Almanac Rugby League – The Challenge Cup: a game I cannot see

The Challenge Cup 2011 (the game I cannot see)

This Saturday the Challenge Cup will be played at Wembley Stadium London. The Challenge
Cup is a competition based on soccer’s FA Cup, a knockout competition culminating in the last two teams
playing the Final at London’s famous Wembely Stadium.
Each year 90,000 fans make their way down to London from somewhere in the ‘rugby league belt’ of
Lancashire, Yorkshire, Cumbria. The Final used to be played in May but since the advent of summer
rugby league it now takes place in August. In the early 1960s Australian rugby league fans were able to see live telecasts
from the BBC of Test matches from England featuring the Kangaross and Great Britain as well as the Challenge Cup.
This weekend there appears to be no coverage in Australia.

I was fortunate enough to experience this event when I lived in Wigan in 1986/87. All season I had followed Wigan and
I thought they were destined to win everything. They were leading in the Championship and were going well in the Challenge Cup
until a cold night in Oldham’s home ground of Watersheddings the unthinkable happened. I attended with a Wigan mate and Wigan
were defeated by 2 points from a last minute try. The Wigan fans were stunned and all my Wigan mates decided that was the last Challenge Cup game
they would attend that season, such is the tribal nature of English rugby league. I was determined to see more and went to
the semi-final, minus my Wigan mates. This match was held at Central Park Wigan (a neutral ground) and was between St Helens and
Leigh. The town was full of Saints and Leigh fans, singing and chanting “Wembley, Wembley, we’re all going to Wembley”. Saints won the match
and were on their way to Wembley to play Halifax.

I was very excited the week leading up to the trip to Wembley but could not get any of my Wigan mates to attend. One of my rugby league students
was pleased to atend. He played for Blacbrook which is a St Helens club, hence I had a Sainrts connection. However there were only a few Wigan coaches
(buses) going down so we went down in a Saints coach. The Wigan fans who decided to attend bought Halifx gear and became Halifax fans for the day,
an interesting statement about the intense rivalry between Wigan and Saints and also an example of the northern working class humour.
When we converged on London there seemed to be hundreds of coaches all heading for Wembley. We drew alongside a coach full of French fans and I showed
them my Australian scarf and immediately received a loud cheer and a thumbs up. Everyone was excited.

We arrived at Wembley before the gates opened and there were thousand of fans milling around. When we eventually got in I walked around the stadium
before going to the seats to absorb the atmosphere. The lead up to the game is just as exciting as the game. Firsly the players walk out on the filed about an hour
before the game. They are dressed in their suits with their club ties on and the cheering made the hairs on the back of my neck stand up. When they have left the field
the community singing starts. Everyone takes part. Traditional Lancashire, Yorkshire songs, Lassie from Lancashire, Ilkley Moor by t’at are sung and then Jerusalem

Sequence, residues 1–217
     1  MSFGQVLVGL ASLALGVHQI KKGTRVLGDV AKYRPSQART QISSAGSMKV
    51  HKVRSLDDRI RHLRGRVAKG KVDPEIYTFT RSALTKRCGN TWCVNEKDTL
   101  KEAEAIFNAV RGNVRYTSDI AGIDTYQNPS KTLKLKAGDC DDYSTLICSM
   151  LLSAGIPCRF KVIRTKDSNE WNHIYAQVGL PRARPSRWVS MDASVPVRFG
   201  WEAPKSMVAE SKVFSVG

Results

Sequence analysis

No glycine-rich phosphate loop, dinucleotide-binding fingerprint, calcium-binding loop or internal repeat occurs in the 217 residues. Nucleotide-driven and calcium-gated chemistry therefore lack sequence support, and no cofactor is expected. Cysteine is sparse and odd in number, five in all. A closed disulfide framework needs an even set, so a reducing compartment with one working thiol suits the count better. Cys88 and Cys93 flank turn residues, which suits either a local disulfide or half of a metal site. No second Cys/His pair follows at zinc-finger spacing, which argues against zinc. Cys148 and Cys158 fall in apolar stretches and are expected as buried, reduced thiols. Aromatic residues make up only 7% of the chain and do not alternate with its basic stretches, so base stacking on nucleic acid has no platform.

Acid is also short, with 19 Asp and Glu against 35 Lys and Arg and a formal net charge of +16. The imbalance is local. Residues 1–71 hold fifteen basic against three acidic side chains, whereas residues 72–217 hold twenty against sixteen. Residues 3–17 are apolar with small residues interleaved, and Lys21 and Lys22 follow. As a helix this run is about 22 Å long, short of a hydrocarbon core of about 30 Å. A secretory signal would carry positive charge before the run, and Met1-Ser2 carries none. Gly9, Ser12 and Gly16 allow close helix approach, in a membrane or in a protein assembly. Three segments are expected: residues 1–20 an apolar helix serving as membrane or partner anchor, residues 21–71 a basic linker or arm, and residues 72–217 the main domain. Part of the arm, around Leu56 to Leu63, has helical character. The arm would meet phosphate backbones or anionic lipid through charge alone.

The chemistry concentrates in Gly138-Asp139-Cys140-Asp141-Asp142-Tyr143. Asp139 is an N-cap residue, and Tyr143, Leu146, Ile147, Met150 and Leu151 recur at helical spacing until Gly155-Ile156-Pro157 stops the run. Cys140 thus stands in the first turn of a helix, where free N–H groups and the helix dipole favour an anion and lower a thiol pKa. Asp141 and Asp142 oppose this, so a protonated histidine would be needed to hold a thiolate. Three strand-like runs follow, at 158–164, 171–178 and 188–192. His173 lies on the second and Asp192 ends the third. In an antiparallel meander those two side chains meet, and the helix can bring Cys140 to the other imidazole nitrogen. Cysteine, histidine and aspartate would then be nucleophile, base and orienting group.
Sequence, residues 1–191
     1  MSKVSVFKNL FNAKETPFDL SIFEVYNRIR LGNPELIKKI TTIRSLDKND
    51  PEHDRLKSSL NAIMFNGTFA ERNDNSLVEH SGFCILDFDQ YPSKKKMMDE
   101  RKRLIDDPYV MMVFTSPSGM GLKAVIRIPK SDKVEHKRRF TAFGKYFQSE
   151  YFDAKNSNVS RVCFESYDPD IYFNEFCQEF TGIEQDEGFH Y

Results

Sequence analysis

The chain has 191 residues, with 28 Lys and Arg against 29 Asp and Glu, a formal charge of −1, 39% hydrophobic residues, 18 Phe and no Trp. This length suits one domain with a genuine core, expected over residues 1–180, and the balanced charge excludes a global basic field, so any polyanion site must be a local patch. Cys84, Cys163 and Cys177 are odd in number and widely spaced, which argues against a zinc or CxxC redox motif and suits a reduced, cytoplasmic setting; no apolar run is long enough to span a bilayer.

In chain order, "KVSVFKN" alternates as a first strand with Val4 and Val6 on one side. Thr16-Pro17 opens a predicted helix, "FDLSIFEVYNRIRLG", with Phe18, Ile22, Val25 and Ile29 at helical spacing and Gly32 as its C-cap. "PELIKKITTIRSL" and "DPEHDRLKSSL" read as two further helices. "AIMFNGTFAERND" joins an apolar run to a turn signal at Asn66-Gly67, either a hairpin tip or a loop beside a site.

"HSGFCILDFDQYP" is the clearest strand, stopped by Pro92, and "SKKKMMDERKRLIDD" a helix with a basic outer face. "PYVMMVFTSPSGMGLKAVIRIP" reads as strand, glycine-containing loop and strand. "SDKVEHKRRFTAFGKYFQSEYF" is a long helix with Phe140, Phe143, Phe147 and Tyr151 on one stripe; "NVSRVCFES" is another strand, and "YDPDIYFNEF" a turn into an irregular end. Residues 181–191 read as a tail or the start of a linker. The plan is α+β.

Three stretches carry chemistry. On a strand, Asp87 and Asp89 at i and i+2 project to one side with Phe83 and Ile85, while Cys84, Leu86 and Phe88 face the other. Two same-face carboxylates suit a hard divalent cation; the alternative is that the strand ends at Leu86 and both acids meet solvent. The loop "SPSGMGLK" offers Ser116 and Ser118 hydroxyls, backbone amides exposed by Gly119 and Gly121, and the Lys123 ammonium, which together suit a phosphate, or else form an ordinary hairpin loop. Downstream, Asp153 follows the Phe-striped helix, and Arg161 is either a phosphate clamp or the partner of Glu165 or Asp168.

and Land of Hope and Glory. There is silence and the finale is Abide with Me (I was told the anthem of the Rugby League, but I note it is also sung at theFA Cup),
once agian the hairs on the back of my neck stood up. The players then enter the arena walking out slowly, accompanied by a huge roarof the crowd, the national
anthemn and then the game begins. After all that I was ready to go home before the game had started. My memories of the game were that it was a close encounter
with Saints getting over the line but lost the ball in a tackle. Coach Alex Murphy was furious as the Chris Anderson led side won the game. Halifax won 19-18 in front
of over 91,000 fans

After the game, it was back on the coaches for the trip back to the North. There was a slight gloom on the bus but I was in good spirits and got off looking to have a beer to celebrate
Wembley. I went to my local and met a big St Helens supporter (Big Vic) who was to become a life long friend.

This Saturday my memories will flood back to the day I went to Wembley, but I ask the question, with all the technology around, iPads, IPhones, Fox why is it that in 1963 I could watch Wembley at home
in Brisbane but in 2011 I can’t see it in Free to Air or Pay TV??

Greg Mallory





  1. Greg Mallory says

    Go the Pie-eaters! (Wigan)

    PS: Manly were pretty hot last night in the fight & in the football. I don’t think the Macintyre system will allow a Manly v Brisbane Grans Final if Melbourne, Manly & Brisbane win in the first week?

  2. Greg, great capture of life in the rugby league heartland of England.

    One of my ultimate sports fantasies is to attend a rugby league test in the north of England on a cold November evening, surrounded by lots of Lancastrians, Cumbrians and Yorkshiremen. They’d give me lots of good-natured curry I’m sure, but the shared enjoyment of a great Game would overwhelm any real difference. Any stories of such games?

    And yes, Manly were good – in all manner of ways – on Friday.

  3. Greg Mallory says

    yes Adam, in 1986 I saw the 3 Tests at Old Tafford, Elland Road & Wigan. In 2005 I saw NZ v England & Australia losing to NZ 20-0 at Elland . However the best atmosphere was at the when the Kangaroos played the club sides in 1986. I saw Australai v Wigan, v St helens, v Hull KR. I’ll organise myself to write something along the lines of ‘Bring Back Full Kangaroo Tours’

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